Topps announced the return of its Heritage High Number set on Monday. With a more normal season hopefully unfolding, it’s good to see product schedules getting back to normal, too.
The regular product was just released a short time ago and since there are a lot of newcomers around these days, it’s a good time to point out that there are certain products in the hobby that aren’t designed to surrender “monster hits,” “bangers,” or whatever term is getting tossed around by those who break current era boxes. Inevitably, someone who doesn’t know any better will pick up a box looking for tons of serial numbered cards and autographs but the flip game is not what Heritage is built for. Never has been… and it’s been around for a long time.
In fact, there are several sports card products that are still designed primarily with set builders or budget-minded collectors as the target demographic. That’s easy to forget with the loud talk about record-setting sales, big hit flips, and the profit mentality. Yet, someone will open a box and say it was “garbage” because their box either didn’t have an autograph or yielded one of a guy who played 50 seasons ago who they’ve never heard of. No, you didn’t get “garbage.” You got exactly what you’re supposed to get. If you don’t understand that, it’s your fault.
Heritage is not a favorite of breakers or flippers. It’s a hobby history lesson. This year’s set focuses on 1972 with a ton of subtle and not so subtle nods to the original set’s designs and quirks, the great teams, the World Series, and other nostalgia. It’s a mix of new guys with a few callbacks to the guys who played that season.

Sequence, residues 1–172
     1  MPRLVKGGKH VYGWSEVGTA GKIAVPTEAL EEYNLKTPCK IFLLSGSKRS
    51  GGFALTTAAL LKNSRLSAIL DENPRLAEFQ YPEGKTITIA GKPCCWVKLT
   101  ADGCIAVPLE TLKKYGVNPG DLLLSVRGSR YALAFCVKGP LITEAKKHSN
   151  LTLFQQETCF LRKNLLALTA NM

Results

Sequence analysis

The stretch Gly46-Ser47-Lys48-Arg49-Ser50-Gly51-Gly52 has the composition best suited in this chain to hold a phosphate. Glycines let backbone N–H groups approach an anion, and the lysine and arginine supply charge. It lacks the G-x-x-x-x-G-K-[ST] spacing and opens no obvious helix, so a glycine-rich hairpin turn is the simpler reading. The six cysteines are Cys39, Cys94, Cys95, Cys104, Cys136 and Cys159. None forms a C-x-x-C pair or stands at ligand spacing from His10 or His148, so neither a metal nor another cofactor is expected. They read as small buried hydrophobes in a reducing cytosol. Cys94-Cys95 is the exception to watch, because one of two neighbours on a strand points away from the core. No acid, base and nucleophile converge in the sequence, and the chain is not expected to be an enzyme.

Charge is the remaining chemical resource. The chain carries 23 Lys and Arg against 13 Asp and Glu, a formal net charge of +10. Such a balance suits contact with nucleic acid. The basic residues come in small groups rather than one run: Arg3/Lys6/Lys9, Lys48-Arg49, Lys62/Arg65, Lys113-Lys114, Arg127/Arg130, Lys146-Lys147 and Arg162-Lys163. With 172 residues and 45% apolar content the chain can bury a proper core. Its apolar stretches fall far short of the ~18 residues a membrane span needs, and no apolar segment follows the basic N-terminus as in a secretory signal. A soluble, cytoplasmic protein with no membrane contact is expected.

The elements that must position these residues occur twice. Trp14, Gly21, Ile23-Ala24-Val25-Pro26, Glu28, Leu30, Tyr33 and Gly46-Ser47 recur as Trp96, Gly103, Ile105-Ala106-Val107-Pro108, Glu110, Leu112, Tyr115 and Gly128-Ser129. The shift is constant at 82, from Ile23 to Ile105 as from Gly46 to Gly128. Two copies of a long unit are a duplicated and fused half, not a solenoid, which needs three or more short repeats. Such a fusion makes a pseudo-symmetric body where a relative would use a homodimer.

There’s an autograph or relic card in the box, yes, but most collectors sort of consider that a bonus. They’re not expecting to make bank on it. Nor should they. But, it’s cool to know that Hank Aaron signed autographs for Heritage not long before his unexpected passing, and Topps has included them in the product. (You’ll also find a few in the recently-released Topps Definitive — a pricier product that will yield plenty of serial numbered autos.)
If you’re old enough to remember the originals, Heritage is always kind of a fun trip back in time. If you’re not, you can still appreciate it. There are plenty of chase elements but no shiny stuff. The 1/1s are the cut signatures from athletes and celebs who were in the news back then.
2021 Heritage High Number will salute Roberto Clemente’s chase for 3,000 hits, which ended at the tail end of the ’72 season. On the last day of the year, he would die in a plane crash on what was a humanitarian mission to earthquake victims in Nicaragua. It’ll also salute the 1972 World Series champion Oakland A’s as their three-year run of greatness began.
If Heritage isn’t your thing, there’s Opening Day, Big League, and a couple of other products on the way that are built for collecting, not flipping. None are built around the big hit and all should be readily available because flippers will quickly realize they can’t deplete the supply and there’s not much profit to be made once you get past the first week of release.
None of this is a knock on those who prefer their baseball card experience to be more of a roll of the dice with the chance for a nice payday. Just a friendly reminder that there’s room in the hobby for both and not all products are created equal.
4 thoughts on “Know your product lines”
Well said! I’ve always had a soft spot in my heart for Heritage. I love the nostalgic feel and look of the cards.
I love the line “It’s a hobby history lesson”.
I just love the heritage product period
Brings back memories of my childhood and ripping packs. I did save most of the wrappers.
I purchase a lot of Finest and Tier one, but I always remember to get at least one box of Heritage if I’m buying from a card shop.im 42 and hqve been collecting since 1984. The weight and the texture really take me back to a time when the pace was more innocent, if you will. Plus I always do pretty well with th product.